Donald Trump’s immigration crackdown is coming. One of the first things Trump did as president was to sign a series of executive orders on immigration policy, and while the Muslim ban and the border wall got most of the attention, his order on immigration law enforcement will have the biggest impact on immigrants already living in the U.S. The Department of Homeland Security just released a series of memos laying out how it plans to implement the Trump administration’s aggressive strategy for mass deportation of undocumented immigrants.
Despite the president’s insistence that “criminals” will be the focus of his deportation policy, both his executive order and the Homeland Security memoranda make clear that pretty much any undocumented immigrant detained by authorities will be subject to removal from the country. The Department of Homeland Security states that undocumented immigrants who have “committed acts which constitute a chargeable criminal offense” will be prioritized. As The New York Times wrote in January, this is an expansive designation that encompasses “anyone the authorities believe has broken any type of law — regardless of whether that person has been charged with a crime.”
The department's guidance also states that undocumented immigrants who "pose a risk to public safety or national security” in the judgment of an immigration officer should be prioritized for removal. That nebulous phrasing puts immense power in the hands of individual immigration enforcement agents to determine who is kicked out of the country.
Above all, the memos indicate that the policy of the Trump administration will be to remove as many undocumented immigrants as it can in the shortest amount of time allowable. The criteria for expedited removal has been expanded so that any undocumented immigrant who can’t prove he or she has been in the country for more than two years can be deported without being able to make a case before a judge. Under the new guidelines, undocumented immigrants who crossed the southern border and are waiting to appear before an immigration judge can now be pre-emptively deported to Mexico, where they will hypothetically have access to “a functional, interoperable video teleconference system” to complete their deportation proceedings.
The administration is also seeking a dramatic expansion in the number of law enforcement officials who can enforce immigration laws. There was a bit of a dustup last week when the Associated Press reported that the administration was considering a plan to deputize National Guard members as immigration enforcement officials. Thankfully, that plan appears to have been scrapped, but the White House is still moving forward with an aggressive expansion of a program that grants state law enforcement agencies the authority to investigate, arrest and detain undocumented immigrants.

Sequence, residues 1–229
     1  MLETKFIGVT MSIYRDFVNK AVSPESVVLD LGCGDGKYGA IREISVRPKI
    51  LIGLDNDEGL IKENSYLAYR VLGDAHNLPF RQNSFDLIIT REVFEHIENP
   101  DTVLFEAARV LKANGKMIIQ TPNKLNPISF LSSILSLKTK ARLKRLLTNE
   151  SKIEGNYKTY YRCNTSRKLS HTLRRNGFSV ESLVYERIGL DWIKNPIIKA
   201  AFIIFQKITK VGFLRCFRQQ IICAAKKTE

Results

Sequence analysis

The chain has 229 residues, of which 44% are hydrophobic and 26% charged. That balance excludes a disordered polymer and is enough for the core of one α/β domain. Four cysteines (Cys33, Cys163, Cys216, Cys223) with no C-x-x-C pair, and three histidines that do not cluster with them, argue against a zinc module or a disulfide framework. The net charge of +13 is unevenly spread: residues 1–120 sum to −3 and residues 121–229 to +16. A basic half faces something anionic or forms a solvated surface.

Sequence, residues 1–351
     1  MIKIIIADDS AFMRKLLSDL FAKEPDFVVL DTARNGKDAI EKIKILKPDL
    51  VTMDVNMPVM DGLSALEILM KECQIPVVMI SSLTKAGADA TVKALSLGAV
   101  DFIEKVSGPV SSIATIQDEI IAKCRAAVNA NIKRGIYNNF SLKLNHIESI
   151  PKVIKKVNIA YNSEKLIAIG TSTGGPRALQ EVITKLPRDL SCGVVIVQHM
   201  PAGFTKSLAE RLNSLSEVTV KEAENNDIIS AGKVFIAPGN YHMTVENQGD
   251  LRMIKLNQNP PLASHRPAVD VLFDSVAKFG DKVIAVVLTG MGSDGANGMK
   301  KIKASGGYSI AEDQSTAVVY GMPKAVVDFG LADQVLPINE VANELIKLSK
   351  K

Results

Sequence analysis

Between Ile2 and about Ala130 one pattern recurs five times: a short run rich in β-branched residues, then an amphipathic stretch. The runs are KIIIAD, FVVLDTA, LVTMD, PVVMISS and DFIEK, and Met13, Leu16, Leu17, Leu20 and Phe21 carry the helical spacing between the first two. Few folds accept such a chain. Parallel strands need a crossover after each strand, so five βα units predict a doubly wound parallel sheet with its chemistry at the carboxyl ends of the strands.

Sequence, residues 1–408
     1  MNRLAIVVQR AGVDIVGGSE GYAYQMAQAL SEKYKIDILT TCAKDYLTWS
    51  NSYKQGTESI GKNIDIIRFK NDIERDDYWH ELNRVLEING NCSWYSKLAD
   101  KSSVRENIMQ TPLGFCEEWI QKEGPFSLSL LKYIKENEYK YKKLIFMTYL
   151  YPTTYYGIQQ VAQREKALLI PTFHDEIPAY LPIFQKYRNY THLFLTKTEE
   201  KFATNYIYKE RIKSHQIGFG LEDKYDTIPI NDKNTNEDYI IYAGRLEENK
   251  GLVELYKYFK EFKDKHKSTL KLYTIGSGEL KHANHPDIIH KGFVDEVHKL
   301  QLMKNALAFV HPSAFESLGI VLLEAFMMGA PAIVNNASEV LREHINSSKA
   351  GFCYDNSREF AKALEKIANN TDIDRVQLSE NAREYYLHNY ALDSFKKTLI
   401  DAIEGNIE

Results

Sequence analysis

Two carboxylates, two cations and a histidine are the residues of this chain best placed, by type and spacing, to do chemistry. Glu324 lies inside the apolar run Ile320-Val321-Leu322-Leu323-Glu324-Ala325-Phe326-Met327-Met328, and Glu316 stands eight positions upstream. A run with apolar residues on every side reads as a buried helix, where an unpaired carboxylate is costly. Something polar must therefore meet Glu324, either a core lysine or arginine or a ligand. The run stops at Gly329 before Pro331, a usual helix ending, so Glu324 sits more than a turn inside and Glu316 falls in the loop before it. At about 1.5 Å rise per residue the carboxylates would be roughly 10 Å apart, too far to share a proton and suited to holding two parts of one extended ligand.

Section 287(g) of the Immigration and Nationality Act lets the federal government sign agreements with state and local governments that empower their police forces to serve as immigration officers. The new Homeland Security memos direct the border patrol and Immigration and Customs Enforcement to “engage immediately with all willing and qualified law enforcement jurisdictions that meet all program requirements for the purpose of entering into” such agreements.
Those agreements with state and local police were used extensively during the George W. Bush administration, but the Obama White House drastically curtailed them amid growing concerns about racial profiling by local law enforcement agencies. Civil liberties groups are harsh critics of 287(g) agreements: A February 2009 policy review by the North Carolina chapter of the American Civil Liberties Union and the University of North Carolina argued that the statute “encourages, or at the very least tolerates, racial profiling and baseless stereotyping, resulting in the harassment of local residents and the isolation of an increasingly marginalized community.”
Those complaints have merit: Joe Arpaio, the bombastically anti-immigrant former sheriff of Arizona's Maricopa County, had his 287(g) agreement terminated in 2011 after the Justice Department concluded that his department had engaged in racial profiling and other discriminatory police conduct.
Let’s face it: That sort of discrimination will not face any real pushback from Trump's Department of Justice under infamously anti-immigrant Attorney General Jeff Sessions. The whole attitude of the Trump administration is to give law enforcement every benefit of the doubt and to dismiss issues of systemic discrimination as the actions of rogue officers and bad apples. The message being sent by this administration is that law enforcement will be massively empowered to pursue undocumented immigrants, and that federal oversight will be scaled back. Conditions for abuse under this scenario are ripe.